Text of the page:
It would be a rare client indeed who didn’t want some customization to their site.  Out of the box, Joomla! is a very basic site with a great ability to be modified and extended.  Chapters 5 and 6 cover the basics of editing templates and installing/using extensions.  These are the chapters where a client’s site will really take shape.

Chapter 7 is about the care and feeding of a Joomla! site, including search engine optimization and hints for designing the site’s navigation.  This is another chapter for client and provider alike.

Chapters 8, 9 and 10 are more in-depth examinations of using Joomla! for a business, non-profit/NGO and a school site.  These are meant for both client and provider, and are logical follow-ups for Chapter 2.  Some of the best parts of these chapters are the suggested extensions for the three site types.  This is a HUGE time saver when it comes to adding functionality to the basic site.  Other topics include template designs, accessibility options, community building, e-commerce and multilingual sites.  These three chapters alone are probably worth the price of the book.

Chapter 11 is a look ahead to the future of Joomla!.  Since it’s taken me so long to complete this review, much of that future has arrived with the release of version 1.7 last month.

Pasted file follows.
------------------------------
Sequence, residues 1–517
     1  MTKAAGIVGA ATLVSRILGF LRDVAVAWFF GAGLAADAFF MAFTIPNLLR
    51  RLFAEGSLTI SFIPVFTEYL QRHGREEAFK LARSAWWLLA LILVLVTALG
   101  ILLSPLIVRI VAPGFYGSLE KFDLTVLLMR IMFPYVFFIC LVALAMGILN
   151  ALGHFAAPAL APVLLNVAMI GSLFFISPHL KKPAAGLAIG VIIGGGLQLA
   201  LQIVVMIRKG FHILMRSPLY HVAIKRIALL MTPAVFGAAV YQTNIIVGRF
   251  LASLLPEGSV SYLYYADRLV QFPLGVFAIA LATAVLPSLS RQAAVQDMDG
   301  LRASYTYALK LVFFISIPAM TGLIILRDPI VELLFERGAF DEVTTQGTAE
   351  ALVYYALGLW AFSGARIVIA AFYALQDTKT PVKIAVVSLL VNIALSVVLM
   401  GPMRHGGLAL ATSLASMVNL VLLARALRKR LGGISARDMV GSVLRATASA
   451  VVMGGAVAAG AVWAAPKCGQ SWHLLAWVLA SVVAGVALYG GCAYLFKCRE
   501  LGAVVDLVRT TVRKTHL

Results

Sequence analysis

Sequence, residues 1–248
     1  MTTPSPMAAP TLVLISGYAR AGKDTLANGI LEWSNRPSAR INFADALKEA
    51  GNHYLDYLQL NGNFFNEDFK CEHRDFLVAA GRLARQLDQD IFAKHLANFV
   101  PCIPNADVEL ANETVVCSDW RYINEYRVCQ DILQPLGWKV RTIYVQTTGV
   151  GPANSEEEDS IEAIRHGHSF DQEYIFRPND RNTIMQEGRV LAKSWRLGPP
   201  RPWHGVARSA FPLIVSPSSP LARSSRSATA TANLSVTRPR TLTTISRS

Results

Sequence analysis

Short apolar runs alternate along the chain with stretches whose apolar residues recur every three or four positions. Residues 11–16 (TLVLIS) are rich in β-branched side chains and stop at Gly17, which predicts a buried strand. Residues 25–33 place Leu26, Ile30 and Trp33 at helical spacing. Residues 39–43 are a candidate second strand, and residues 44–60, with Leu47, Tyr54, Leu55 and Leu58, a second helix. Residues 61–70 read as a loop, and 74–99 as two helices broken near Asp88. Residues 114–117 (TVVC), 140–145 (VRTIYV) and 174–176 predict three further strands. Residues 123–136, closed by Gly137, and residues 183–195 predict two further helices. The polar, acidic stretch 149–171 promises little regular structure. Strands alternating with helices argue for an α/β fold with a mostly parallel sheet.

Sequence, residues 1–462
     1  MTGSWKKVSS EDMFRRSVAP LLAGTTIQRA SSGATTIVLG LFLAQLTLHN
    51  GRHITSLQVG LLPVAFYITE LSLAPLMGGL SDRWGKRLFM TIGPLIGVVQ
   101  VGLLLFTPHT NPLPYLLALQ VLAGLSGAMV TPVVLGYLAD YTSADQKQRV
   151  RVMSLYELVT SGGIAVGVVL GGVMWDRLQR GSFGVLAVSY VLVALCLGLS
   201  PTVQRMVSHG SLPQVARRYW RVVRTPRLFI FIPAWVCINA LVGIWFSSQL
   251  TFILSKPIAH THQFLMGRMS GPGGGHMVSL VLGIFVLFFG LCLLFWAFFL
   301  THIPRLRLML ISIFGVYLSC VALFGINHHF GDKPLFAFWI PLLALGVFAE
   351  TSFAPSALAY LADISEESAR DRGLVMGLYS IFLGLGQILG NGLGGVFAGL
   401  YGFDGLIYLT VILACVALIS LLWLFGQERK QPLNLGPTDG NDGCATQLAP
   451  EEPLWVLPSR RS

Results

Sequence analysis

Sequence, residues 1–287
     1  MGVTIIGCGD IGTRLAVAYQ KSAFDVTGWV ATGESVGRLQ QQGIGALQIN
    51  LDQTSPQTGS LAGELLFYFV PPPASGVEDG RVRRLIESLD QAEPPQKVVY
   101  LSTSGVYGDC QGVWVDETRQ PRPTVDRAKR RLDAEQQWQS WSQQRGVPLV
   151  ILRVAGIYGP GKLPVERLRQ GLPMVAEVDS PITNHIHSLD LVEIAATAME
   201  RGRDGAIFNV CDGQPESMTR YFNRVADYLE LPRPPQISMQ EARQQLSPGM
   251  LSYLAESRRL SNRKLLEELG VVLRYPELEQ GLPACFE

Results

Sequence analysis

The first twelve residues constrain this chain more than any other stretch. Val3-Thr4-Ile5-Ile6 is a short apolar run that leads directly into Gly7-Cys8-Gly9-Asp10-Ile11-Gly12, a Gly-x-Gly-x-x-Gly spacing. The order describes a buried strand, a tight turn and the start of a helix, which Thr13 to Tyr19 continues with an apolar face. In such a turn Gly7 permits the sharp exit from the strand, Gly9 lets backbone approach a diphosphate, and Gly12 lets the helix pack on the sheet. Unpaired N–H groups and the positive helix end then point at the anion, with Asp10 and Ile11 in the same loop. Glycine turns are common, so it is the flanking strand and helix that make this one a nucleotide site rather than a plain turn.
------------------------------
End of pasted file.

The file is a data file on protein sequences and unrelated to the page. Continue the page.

Chapter 12 is comprised of a number of interviews with leaders in the Joomla! community.  Each interviewee focuses on a particular aspect of Joomla!—the project itself, hosting, branding, extending and using Joomla! in a sector such as education or business.  Each interview contains a few pieces of advice that may prove invaluable in preventing common mistakes or creating a site that sets itself apart from others.

This book finishes with three appendices.  Appendix A has solutions to common problems, including the famous lost administrator password.  Appendix B is a huge list of resources to help you build your skills, design your site, get help or content.  Appendix C covers the new Access Control List functionality in version 1.6.  User permissions have become very granular, and we can set up groups of users with the same permissions.  As any network admin can attest, groups make managing large users bases much easier.

One place where I can see this book being very useful is in Give Camps, where teams of developers have a weekend long “lock in” and create sites for charities.  Using a CMS like Joomla! is critical to the success of Give Camp sites, and a book like this would be extremely useful to the advance planning of the charity’s site.  This book would be a great asset to both the development team and the charity’s “site owners”.

All in all, if you’re in the beginning stages of your Joomla! experience, or have inherited a Joomla! site, you owe it to yourself to get this book.  Very advanced Joomla! admins and developers will probably find this information to be too basic, but they are not who this book is for.  Thank you very much to Jennifer and Addison-Wesley for giving me the opportunity to review this book!